Intel Claims New Materials Can Trim Consumption of Microprocessors by 90%

From X-bit Labs: The mix of new materials as well as P-channel and N-channel transistors can potentially enable Intel Corp. to build microprocessors that consume just 10% of today’s chips in future.

Intel recently disclosed advancement details on a P-channel transistor, built on a silicon substrate, that makes use of compound semiconductors, also known as III-V materials because they are made of elements that straddle silicon in the periodic table, silicon being in column IV. This research resulted in the highest performing P-channel transistors reported to date. A year earlier, Intel described III-V N-channel transistors, also built on a silicon substrate.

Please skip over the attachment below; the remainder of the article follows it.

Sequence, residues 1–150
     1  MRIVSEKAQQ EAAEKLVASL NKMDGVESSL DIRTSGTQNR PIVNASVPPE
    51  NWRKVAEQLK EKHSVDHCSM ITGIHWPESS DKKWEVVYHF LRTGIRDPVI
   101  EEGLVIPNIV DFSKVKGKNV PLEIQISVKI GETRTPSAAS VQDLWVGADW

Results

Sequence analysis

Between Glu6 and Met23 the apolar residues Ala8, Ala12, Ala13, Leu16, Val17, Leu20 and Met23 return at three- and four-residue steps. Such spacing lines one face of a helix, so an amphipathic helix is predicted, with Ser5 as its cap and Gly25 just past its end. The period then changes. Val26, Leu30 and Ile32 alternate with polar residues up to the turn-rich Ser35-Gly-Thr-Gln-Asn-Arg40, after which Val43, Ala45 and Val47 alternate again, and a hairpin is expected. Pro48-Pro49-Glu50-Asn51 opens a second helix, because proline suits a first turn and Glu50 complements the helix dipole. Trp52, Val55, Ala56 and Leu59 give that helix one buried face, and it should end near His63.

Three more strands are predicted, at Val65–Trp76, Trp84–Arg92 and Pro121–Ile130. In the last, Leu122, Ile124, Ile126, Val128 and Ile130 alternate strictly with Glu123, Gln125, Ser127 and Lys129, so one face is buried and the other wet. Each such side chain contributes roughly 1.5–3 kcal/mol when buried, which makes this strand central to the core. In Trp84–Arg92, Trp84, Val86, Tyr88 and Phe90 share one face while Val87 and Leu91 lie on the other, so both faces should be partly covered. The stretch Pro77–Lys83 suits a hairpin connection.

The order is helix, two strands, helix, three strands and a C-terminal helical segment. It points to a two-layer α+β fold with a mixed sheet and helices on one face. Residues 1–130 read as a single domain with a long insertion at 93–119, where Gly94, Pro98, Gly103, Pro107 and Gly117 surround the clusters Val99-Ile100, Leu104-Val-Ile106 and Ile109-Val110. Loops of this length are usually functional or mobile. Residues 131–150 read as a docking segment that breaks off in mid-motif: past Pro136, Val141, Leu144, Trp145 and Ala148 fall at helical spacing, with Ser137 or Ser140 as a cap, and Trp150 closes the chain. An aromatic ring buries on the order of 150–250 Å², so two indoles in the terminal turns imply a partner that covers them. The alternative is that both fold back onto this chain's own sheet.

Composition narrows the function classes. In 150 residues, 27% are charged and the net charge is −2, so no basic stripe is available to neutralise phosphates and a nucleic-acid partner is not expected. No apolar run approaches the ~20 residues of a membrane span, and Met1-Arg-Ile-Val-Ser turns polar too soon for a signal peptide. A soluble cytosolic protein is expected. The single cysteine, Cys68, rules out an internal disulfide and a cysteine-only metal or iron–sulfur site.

According to Intel, when combined, these two results could form the building blocks for CMOS logic circuits, which use both N-channel and P-channel transistors. Potentially suitable for future microprocessors, they run far cooler: the world’s largest chipmaker claims that t about 50% the voltage, consuming only 10% the power of today's transistors.

Potentially, if the innovation proves to be viable for mass production of microprocessors, this enables either very small and power efficient chips which are powerful by today’s standards or chips that are dramatically more complex compared to contemporary, but consume the same amount of power. Obviously, the new materials can also enable dramatic improvements in energy efficiency not only for microprocessors, but also for graphics processors, core-logic sets and other highly-integrated devices.

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